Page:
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Cohort study
Hypovitaminosis D predicts more rapid and severe cognitive deterioration in ethnically diverse older adults with and without dementia
  1. Frédéric Noublanche,
  2. Cédric Annweiler
  1. Department of Neuroscience, University Hospital of Angers, Angers, France
  1. Correspondence to : Professor Cédric Annweiler, Department of Neuroscience, Angers University Hospital, University Memory Clinic, University of Angers, UPRES EA 4638, UNAM, Angers 49933, France; CeAnnweiler{at}

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Commentary on: OpenUrlCrossRefPubMed

Implications for practice and research

  • Hypovitaminosis D precedes and predicts incident declines in episodic memory and executive function in older adults with and without baseline dementia.

  • This finding encourages testing the efficacy of vitamin D supplementation to slow down, prevent or even improve cognitive decline.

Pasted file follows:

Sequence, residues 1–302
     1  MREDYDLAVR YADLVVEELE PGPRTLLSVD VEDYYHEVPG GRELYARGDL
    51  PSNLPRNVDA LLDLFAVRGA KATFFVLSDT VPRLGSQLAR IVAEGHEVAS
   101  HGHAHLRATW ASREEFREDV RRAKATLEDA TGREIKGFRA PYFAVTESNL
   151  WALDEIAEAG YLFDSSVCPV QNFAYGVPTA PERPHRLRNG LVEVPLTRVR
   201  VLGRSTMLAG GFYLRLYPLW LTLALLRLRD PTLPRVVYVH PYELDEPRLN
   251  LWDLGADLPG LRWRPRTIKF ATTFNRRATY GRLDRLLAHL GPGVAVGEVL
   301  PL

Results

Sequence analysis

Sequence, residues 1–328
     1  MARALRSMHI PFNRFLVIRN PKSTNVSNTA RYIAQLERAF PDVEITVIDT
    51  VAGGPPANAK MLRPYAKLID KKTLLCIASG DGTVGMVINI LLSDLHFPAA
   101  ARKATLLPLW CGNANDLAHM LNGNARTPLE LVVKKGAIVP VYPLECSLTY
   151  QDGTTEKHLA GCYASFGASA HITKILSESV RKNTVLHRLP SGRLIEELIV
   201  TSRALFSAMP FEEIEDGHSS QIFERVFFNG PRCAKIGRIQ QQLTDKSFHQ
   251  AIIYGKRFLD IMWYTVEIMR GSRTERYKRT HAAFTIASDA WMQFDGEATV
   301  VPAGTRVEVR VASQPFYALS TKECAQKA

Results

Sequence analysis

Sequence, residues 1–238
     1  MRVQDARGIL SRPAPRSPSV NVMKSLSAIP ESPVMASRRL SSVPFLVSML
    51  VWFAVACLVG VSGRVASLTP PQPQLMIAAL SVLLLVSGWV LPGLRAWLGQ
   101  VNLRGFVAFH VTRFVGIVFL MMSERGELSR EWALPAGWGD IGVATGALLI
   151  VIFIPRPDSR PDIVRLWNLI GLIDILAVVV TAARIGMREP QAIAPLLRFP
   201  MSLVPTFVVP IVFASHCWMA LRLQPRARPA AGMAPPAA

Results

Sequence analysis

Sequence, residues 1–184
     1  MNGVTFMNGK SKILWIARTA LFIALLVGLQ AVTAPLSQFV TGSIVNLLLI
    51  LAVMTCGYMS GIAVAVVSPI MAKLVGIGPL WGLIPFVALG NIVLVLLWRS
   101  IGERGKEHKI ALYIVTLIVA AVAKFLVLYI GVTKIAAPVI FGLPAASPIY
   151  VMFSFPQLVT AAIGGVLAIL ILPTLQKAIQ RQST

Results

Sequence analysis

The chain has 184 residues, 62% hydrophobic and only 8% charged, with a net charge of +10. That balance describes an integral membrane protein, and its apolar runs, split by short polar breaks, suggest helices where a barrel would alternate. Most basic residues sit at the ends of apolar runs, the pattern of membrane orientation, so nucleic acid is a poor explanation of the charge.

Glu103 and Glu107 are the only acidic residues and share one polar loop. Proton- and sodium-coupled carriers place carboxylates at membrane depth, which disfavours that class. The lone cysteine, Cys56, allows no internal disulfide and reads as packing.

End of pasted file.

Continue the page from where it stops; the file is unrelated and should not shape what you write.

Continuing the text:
• These findings should encourage clinicians to correct hypovitaminosis D in elderly patients.


Hypovitaminosis D is a rule rather than an exception in older adults, with a prevalence of up to 90% according to the definition used.1 There is a growing body of evidence linking vitamin D to non-skeletal targets, including brain health and function.2 The …

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  • Competing interests None declared.

  • Provenance and peer review Commissioned; internally peer reviewed.